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Distribuzione Desmodromica: Ducati 750 Supersport Desmo
8/5/2015
The first superbike that ordinary people could afford: “750 SS Desmo“ from 1974. Photo © Ducati

The Desmodromic system premiered 1974 in a twin cylinder road bike: the “750 Supersport Desmo” by Ducati. It originated in racing and was based on the victorious racing bike with which Paul Smart won the 200-mile race of Imola in 1972, ahead of Bruno Spaggiari, also on Ducati. Even “Ago(stini)” was beaten, who was forced to drop out with his MV Agusta. Several features distinguished the “750 SS” from the “750 GT” road bike, a sports touring bike: the “Desmo cylinder heads, improved brakes, its appearance and careful assembly in the racing division. The bike had 10 HP more than the Honda “CB 750” and was 50 kilos lighter to boot. Though initially only 25 models were to be built, the response was much more positive than expected.

The special gem was the engine in which the crankshaft drives the two camshafts and the desmodromic valve control via two bevels. The word “desmodromic” comes from the Greek words “desmos” (bond or knot) and “dromos” ¬ (track, way). In the field of mechanics “desmodromic” refers to mechanisms, which can be activated in two different directions thanks to their special regulation. Today, it generally describes a valve control system typical for Ducati motorbikes.

Normally the valves of a combustion engine are opened by rocker arms and valve tappets and closed again by valve springs. The Ducati twin cylinder engine not only works with one camshaft per cylinder, but also with a desmodromic valve control without springs that also controls the closing movement. Without going into too much detail: In order to achieve that numerous bevel gears serve to first guide the horizontal rotation of the crankshaft to a vertical intermediate shaft and then back to the horizontal. In other words, a lot of moving parts have to be precisely tuned to one another. And to what end? Naturally in order to produce a higher performance. The desmodromic valve control combines relatively high rpm values with low friction as there is no need to work against value springs. Moreover, the valves are opened and closed much faster than in conventional engines.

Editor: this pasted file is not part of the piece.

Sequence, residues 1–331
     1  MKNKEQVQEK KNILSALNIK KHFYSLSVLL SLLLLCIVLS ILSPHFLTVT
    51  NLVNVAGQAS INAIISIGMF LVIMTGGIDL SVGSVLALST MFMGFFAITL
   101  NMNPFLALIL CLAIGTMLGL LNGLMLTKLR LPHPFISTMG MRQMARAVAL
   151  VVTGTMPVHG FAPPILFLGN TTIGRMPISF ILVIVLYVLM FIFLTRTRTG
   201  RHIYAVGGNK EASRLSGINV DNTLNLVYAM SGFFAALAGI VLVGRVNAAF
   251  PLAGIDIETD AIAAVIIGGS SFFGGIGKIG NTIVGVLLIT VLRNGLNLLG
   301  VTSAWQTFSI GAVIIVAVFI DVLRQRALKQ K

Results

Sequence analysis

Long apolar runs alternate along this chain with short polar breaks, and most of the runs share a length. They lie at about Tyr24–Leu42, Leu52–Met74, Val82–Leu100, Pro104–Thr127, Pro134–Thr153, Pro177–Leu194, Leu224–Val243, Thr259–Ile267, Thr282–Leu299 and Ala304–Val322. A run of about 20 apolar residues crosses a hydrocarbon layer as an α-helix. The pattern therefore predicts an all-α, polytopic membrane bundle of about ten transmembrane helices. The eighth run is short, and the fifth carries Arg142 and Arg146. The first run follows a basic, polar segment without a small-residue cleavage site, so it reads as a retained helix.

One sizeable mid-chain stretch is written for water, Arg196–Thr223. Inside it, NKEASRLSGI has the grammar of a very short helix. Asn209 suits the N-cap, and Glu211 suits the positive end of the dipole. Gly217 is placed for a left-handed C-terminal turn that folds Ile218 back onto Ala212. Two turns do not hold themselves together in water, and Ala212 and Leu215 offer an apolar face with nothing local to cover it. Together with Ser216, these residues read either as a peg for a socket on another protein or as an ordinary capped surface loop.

People tend to say that the exhaust of the “750 SS Desmo” sounds incredibly loud but beautiful. This resulted in problems with registration. But the bike had other special features: The plastic tank was extremely long and the forged handlebars were set fairly far forward so that the driver had to sit fairly far back. To activate the clutch you needed a strong forearm. In addition, the gear shift was on the “wrong” side, namely on the right, and worked the other way around: The first gear was at the top. The “750 SS Desmo” achieved 65 HP at 8,500 revolutions per minute; the compression ratio was 9.8:1. The cylinder angle is 90 degrees which results in the engine running with very low vibration. Large 40-millimeter-Dell’Orto carburetors were employed together with large mesh sections as air filters in front of the intake funnels.

The frame and the lower section of the half fairing were varnished in shiny turquoise, the rest of the covers, mudguard, the tank and the saddle body in a light silver. In other words, the Ducati “750 SS Desmo” was not only a technical gem, but also aesthetically stunning. The first superbike that ordinary people could afford.

www.ducati.com


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Based on the victorious racing bike with which Paul Smart won the 200-mile race of Imola in 1972, ahead of Bruno Spaggiari, also on Ducati. Photo © Ducati
The desmodromic valve that Ducati developed in 1956 works without springs that also controls the closing movement. Photo © Ducati
The staff of Ducati in front of the head office in Bologna, 1939. Photo © Ducati